I know a number of people who did not listen to these words of advice and have found themselves in life difficulties. I have a friend who got married first after only about a year or two of college. He was unable to finish college because he could not support his wife while going to school full time. Now they cannot afford to have children because he cannot get a good job because he never finished his education. This was not wise planning according to Solomon. I have another friend who had a child first and then got married next. They got divorced and he never was able to get an education. So he works at an auto parts store. There is nothing wrong with working at an auto parts store, but because he has custody of his son, he is not able to go do what he wanted to do with his life. His life is not as great as it could have been if he had done things in its proper order.
We are doing anyone any favors by cheerleading people to make bad decisions. After reading these proverbs over the past few months, do you think that Solomon would have applauded his son for making bad decisions? Do we think that Solomon would have overlooked his son’s bad choices? I do not believe so. These proverbs indicate that he would have trained his son in the way he should go by telling him that these are bad decisions and he needs to change course before it is too late.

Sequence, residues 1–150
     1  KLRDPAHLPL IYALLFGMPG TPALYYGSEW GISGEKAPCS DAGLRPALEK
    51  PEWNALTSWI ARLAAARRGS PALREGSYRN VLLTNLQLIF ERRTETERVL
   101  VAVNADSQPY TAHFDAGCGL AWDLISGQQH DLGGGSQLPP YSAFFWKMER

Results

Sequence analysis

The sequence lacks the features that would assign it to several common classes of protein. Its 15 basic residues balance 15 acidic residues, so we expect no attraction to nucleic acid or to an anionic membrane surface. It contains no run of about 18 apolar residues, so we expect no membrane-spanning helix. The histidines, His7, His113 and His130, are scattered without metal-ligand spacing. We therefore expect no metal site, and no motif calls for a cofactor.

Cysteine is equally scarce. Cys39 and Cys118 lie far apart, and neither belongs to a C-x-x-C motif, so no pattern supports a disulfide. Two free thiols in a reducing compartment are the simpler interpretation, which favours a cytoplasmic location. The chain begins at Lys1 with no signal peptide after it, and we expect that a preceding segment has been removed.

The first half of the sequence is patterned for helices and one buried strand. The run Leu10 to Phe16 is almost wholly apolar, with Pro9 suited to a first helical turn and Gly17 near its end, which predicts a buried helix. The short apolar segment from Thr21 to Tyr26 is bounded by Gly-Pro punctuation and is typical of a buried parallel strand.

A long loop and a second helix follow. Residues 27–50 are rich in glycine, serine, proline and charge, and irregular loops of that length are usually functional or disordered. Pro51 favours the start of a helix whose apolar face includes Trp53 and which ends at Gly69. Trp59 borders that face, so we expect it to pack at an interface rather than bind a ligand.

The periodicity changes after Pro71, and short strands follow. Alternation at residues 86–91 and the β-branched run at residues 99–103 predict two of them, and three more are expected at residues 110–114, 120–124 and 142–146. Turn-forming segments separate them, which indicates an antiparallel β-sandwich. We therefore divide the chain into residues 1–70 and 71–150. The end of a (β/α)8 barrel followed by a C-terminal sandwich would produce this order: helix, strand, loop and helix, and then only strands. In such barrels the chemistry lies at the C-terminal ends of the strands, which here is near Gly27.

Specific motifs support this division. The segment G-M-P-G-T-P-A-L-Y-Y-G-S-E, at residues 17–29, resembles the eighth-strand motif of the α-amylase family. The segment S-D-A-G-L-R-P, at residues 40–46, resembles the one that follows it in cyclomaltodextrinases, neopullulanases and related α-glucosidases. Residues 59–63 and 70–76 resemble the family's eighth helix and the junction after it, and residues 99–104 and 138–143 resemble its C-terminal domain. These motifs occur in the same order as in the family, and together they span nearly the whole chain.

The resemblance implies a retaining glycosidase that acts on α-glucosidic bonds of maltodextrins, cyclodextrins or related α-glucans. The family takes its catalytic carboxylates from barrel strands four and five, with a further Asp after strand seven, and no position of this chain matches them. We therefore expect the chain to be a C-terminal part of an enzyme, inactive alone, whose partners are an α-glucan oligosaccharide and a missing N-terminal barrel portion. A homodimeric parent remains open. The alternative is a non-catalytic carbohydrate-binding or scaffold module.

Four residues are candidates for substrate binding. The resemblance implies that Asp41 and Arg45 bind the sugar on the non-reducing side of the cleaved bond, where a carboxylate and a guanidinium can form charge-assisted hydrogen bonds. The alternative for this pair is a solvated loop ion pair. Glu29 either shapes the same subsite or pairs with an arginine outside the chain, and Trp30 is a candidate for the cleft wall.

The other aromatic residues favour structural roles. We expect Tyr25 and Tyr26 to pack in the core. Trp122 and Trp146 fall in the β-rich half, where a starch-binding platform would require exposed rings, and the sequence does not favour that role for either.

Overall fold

I have seen too many lives go through turmoil simply because the person ignored following this proper order. Notice how Solomon is putting a responsibility on his son to think his life through. How are you going to build your house (have a wife and children) when you have not first made everything ready. When life decisions are not made in their proper order, we are asking for problems to come. My father drilled this proverb into my head while I was in high school and begin to have to make the big life decisions. We need to do more to teach ourselves to do things in their proper order and also teach our children so that they can have the good life now.
“By wisdom a house is built, and through understanding it is established; through knowledge its rooms are filled with precious and pleasant treasures” (24:3-4). Notice that Solomon uses the same picture of building a house. Wisdom, knowledge, and understanding are required to build a good home for yourself, your spouse and your children. If we want our home to be full of precious, pleasant treasures (this is not talking about physical decorations, but having a pleasant home life), then proper planning and wisdom is needed. Do not put things out of order. Be thoughtful about your life decisions. Decide carefully about your work, your home, your marriage, your family, and your location. These decisions make a dramatic impact on our lives that we often do not consider.